University of Kansas, Spring 2005
Philosophy 674: Philosophy of Law

Preview of test on chapters 3–5

Your test on chapters 3–5 will have two parts, a take-home part and an in-class part.

I. Take-home part

The take-home part of your test consists of three essays worth 25 points each, and will be due at the beginning of class on Wednesday, April 6. You can use your book or notes or discussions with other people, but all the writing must be your own. Here are the three essay assignments.

  1. Explain the basis on which Rehnquist claims, in his opinion in the case of Washington v. Glucksberg, that Washington’s ban on physician-assisted suicide does not violate the Due Process Clause of the Fourteenth Amendment.
  2. Explain the difference between traditionalist and legal-realist views regarding what the rules of private law say. Illustrate this difference using an example, just as Altman illustrates this difference using the example of the labor injunction. But do not use any example Altman uses in his ‘Criticisms of the Public-Private Distinction' section (pp. 115–119)—including, of course, the labor-injunction example. (You can use a some other example from Altman’s book, or some other example from class, or you can make up your own example.)
  3. Altman discusses the extent to which the utilitarian, retributivist, and therapeutic approaches to punishment are compatible with the rule of law. With regard to each of these (write about them one at a time), explain his reasons for saying that it conflicts with the rule of law (or runs the risk of conflicting with the rule of law).

As before, when you turn in your answers, each answer must be on its own sheet of paper, and the sheets must not be stapled together. The formatting instructions are essentially the same as for the sheets you turned in for the test on chapters 1–2, except that your type size must be at least 12 points (not 11). Here are the main formatting guidelines:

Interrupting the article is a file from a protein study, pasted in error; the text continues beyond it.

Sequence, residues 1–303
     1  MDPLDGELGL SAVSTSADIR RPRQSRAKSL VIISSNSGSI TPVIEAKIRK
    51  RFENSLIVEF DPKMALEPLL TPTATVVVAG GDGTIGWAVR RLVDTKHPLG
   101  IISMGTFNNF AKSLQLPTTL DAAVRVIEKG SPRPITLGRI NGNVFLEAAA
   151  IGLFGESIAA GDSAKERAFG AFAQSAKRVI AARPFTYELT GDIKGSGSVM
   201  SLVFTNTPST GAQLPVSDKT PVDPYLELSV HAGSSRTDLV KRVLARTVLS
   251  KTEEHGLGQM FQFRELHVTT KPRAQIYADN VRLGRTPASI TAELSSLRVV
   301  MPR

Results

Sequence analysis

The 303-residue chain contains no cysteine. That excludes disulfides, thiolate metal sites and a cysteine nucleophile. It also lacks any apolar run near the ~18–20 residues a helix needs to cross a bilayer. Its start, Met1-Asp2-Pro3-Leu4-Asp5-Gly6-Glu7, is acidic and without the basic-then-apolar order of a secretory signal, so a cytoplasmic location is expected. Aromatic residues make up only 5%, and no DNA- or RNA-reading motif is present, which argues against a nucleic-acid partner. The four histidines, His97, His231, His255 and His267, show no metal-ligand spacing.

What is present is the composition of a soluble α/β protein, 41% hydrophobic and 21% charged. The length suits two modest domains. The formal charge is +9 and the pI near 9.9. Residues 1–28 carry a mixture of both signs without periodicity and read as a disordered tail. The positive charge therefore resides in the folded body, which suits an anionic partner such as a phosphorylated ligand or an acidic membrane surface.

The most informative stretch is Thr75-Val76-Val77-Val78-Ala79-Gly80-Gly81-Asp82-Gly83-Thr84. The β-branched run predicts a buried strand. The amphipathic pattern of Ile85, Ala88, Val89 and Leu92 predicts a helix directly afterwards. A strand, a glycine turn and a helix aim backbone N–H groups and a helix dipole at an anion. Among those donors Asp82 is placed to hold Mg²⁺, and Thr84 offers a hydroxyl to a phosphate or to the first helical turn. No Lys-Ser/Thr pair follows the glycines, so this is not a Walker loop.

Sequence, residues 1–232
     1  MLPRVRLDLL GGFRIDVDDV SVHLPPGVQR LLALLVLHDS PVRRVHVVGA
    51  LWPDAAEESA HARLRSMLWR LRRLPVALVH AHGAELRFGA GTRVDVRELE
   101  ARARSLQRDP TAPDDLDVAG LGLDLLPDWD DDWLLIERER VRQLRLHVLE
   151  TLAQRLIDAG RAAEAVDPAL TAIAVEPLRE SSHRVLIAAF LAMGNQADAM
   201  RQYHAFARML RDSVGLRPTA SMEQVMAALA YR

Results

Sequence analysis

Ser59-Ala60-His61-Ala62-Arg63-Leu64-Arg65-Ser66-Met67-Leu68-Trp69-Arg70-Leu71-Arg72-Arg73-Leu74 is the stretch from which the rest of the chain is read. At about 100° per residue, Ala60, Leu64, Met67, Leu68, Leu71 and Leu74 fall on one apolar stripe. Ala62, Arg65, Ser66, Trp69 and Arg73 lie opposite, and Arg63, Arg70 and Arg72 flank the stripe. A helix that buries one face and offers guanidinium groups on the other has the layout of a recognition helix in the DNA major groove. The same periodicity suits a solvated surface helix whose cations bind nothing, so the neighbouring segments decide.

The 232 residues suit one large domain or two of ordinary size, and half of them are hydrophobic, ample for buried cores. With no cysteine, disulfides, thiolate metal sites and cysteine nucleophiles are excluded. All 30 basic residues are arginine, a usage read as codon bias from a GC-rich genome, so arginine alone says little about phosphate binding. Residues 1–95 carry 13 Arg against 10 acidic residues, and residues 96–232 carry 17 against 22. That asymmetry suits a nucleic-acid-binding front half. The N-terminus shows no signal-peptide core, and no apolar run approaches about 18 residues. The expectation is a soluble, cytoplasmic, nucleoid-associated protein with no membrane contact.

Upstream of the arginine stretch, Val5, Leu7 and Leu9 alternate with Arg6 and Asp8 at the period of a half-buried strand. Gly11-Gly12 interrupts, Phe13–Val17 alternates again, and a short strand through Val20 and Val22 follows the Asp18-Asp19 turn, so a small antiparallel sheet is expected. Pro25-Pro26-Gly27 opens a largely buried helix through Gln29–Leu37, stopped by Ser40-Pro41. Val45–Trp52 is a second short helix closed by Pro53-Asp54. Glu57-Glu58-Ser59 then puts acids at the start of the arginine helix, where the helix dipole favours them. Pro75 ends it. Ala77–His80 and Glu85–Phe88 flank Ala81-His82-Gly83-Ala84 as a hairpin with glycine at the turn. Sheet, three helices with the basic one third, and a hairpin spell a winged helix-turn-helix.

1. page
    1. Use one side of a single sheet of business-sized (8.5” x 11”) paper.
    2. Use margins of at least one inch on all four sides.
  2. type
    1. Use the font Times New Roman, or (if not available) the nearest available equivalent.
    2. Use a type size of at least 12 points. (As mentioned above, this is a change from before.)
    3. Use the same font and type size throughout the whole sheet.
    4. Double-space all the lines.
    5. Make the lines flush-left—that is, don’t right-justify them.
  3. On the first line, list the following items, separated by commas:
    1. Philosophy of Law
    2. 4/6/05
    3. test 2
    4. question X (where Y is the number of the question being answered on that sheet)
    5. answer Y (where Y is the three-digit code that will be used for this sheet and no other)
  4. Start each paragraph of your answer with a half-inch indentation (even if your answer is just one paragraph long).

As before, strict compliance with this precise protocol is needed for two important reasons: so that everyone operates within the same space constraints and so that I can grade each answer with a minimal chance of knowing who wrote it. For these reasons, deviations from this protocol will be penalized.

II. In-class part

The in-class part of your test will consist of six multiple-choice questions worth a total of 25 points, and will be given in class on Wednesday, April 6. You will have a total of 40 minutes—from 10:30 to 11:10—to answer these questions. You will not be able to use your book or any other resources.